Yet, before Che became a revolutionary, a famed exponent of guerrilla warfare, and a Marxist theorist – and most unlike the young Trotsky – Che was not interested in politics until his mid-twenties. In his early years, influenced by his parents’ politics, he took the side of the Republicans in the Spanish Civil War, and became involved – in a limited way – in anti-fascist activity during WWII. However, even when some of his friends became involved in protests before and during the Perón years, he stayed neutral. In fact, in some ways, the young Che was a typical product of his family background – and of the conservative and macho culture which predominated in 1950s Argentina, and in Latin America as a whole. Although his parents were relatively impoverished, they both came from wealthy upper-class families – especially his mother – and many of their relations held important posts in Argentina’s military and diplomatic corps. However, Che’s parents – and, again, especially his mother – were also unconventional in many ways, and thus Che frequently played with children from lower social classes, which was unusual for his parents’ background.
Nonetheless, as an older teenager and a young man, Che did share the attitudes of his wealthy, upper-class heterosexual male friends when it came to sexual relations with lower-class women. This was particularly true as regards the young female Indian servants their families employed. These mucamas seemed to have been treated as a readily-available (and readily-exploited?) source for their early sexual experiences. Although some of his biographers have noted various questionable incidents with women in Che’s early years, none seems to have commented on the considerable social and economic disparities between these white upper-class male youths and their young Indian female (and not necessarily heterosexual) servants. Yet, in the twenty-first century, comments about intersectionality issues are surely relevant here, as are debates about the ability to consent. In addition, the young Che’s travel journals indicate that, in common with many Argentinians in the 1950s, he also shared the prevailing racist views and negative attitudes regarding black people and gay men.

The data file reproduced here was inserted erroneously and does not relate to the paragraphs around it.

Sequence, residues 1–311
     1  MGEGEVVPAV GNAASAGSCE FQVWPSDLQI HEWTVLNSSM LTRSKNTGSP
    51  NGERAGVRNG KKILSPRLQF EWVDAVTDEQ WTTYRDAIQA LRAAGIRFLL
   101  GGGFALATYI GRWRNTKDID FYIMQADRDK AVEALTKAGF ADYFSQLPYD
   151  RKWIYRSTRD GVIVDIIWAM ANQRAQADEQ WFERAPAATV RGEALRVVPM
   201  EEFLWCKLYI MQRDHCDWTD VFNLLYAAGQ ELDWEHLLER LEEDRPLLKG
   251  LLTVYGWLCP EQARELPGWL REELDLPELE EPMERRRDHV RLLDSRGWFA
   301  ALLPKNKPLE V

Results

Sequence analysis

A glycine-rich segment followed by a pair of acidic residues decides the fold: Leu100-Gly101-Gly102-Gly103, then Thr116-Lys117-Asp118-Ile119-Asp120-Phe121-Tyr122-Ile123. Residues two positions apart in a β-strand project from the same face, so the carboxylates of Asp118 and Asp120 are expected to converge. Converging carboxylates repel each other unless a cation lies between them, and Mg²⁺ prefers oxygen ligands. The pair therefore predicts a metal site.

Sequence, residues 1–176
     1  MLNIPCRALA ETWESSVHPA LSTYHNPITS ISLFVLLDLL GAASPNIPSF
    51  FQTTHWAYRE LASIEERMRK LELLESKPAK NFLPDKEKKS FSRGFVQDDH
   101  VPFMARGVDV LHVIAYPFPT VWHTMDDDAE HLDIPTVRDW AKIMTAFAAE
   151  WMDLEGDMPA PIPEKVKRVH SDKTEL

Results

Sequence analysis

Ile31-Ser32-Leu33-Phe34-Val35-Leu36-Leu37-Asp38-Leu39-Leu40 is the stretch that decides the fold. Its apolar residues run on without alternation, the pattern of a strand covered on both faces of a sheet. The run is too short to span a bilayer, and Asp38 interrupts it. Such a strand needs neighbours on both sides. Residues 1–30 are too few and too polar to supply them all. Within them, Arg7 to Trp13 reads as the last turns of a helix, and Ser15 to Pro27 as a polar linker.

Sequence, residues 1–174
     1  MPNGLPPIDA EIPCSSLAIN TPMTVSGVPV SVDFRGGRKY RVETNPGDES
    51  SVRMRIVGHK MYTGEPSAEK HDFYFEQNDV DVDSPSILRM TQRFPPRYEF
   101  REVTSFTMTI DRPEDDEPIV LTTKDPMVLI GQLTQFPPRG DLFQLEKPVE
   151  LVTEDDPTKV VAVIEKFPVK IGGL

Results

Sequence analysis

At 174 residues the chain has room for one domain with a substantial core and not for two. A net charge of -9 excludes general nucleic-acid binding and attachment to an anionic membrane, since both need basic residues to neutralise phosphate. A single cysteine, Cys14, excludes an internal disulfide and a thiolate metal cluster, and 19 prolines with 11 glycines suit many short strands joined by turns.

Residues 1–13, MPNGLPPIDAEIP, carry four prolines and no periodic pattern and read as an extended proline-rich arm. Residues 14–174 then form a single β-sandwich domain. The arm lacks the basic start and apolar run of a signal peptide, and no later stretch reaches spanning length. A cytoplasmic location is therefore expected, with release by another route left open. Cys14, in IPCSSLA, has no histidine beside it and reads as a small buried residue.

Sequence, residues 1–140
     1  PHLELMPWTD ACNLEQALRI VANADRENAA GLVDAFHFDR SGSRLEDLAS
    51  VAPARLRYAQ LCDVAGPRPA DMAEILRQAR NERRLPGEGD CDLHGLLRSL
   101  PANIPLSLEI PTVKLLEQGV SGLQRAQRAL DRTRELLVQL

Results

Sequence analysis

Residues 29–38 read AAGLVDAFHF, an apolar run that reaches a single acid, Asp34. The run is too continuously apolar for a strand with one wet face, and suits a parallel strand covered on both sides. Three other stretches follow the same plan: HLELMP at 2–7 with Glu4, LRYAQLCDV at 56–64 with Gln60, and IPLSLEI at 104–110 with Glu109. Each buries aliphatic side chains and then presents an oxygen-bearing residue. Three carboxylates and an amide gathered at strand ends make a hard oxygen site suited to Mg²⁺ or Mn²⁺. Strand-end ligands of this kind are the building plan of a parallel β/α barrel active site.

Throughout his life, many women found Che attractive – despite his poor personal hygiene and lack of interest in his appearance! His attractiveness to women would, at times, cause tensions with both his wives. His original travel diaries occasionally seem to have contained explicit comments about his sexual encounters and thoughts. However, as Anderson noted, these diaries were not published until after his death and had almost certainly been ‘cleaned up’ before publication, with ‘some explicit sexual references… [being] ‘expurgated’. On a diplomatic trip to Japan in 1959, Che revealed to his bodyguard that ‘I know what it’s like to putear – I whored round in my youth, too.’ Later, though, as Che matured and became a committed revolutionary, he developed a more austere attitude towards casual sex. Ultimately, Che’s life from his mid-twenties onwards seems to prove the veracity of the saying that ‘travel broadens the mind’ as, both personally and politically, Che’s attitudes and beliefs quickly developed in ways much more in keeping with the world’s idea of the legendary revolutionary know as ‘El Che’. 
Of course, Che’s development – both as a man and as a revolutionary – was cut short at 1.10pm on 9 October 1967, when he was murdered in cold blood. The Bolivian army may have ‘only’ killed a man on that day – but, by doing so, they had begun the process whereby that man was soon to be re-born as the legend the world knows as ‘Che’. 
 Mandel, E., 1978, ‘Why I am a Marxist,’ in Achcar, G., ed., 1999, The Legacy of Ernest Mandel, London, Verso, pp.245-7
 Mandel, E., ‘Why I am a Marxist,’ in Achcar, G., ed., The Legacy of Ernest Mandel, pp.248-9
 Mandel, E., ‘Why I am a Marxist,’ in Achcar, G., ed.,The Legacy of Ernest Mandel, p.251; Löwy, M., 2007, The Marxism of Che Guevara: Philosophy, Economics, Revolutionary Warfare, Lanham, Rowman & Littlefield, p.17
 Mandel, E., ‘Why I am a Marxist,’ in Achcar, G., ed., The Legacy of Ernest Mandel, p.255; Löwy, M., The Marxism of Che Guevara: Philosophy, Economics, Revolutionary Warfare, pp.24-5
 Mandel, E., ‘Why I am a Marxist,’ in Achcar, G., ed., The Legacy of Ernest Mandel, pp.252-3
 The term, mucama, originated from the time of slavery in nineteenth-century Brazil, and referred to a black - usually young and attractive - female house slave.
 Anderson, J. L., 2010, Che Guevara: A Revolutionary Life, London, Bantam Books, pp.70, 412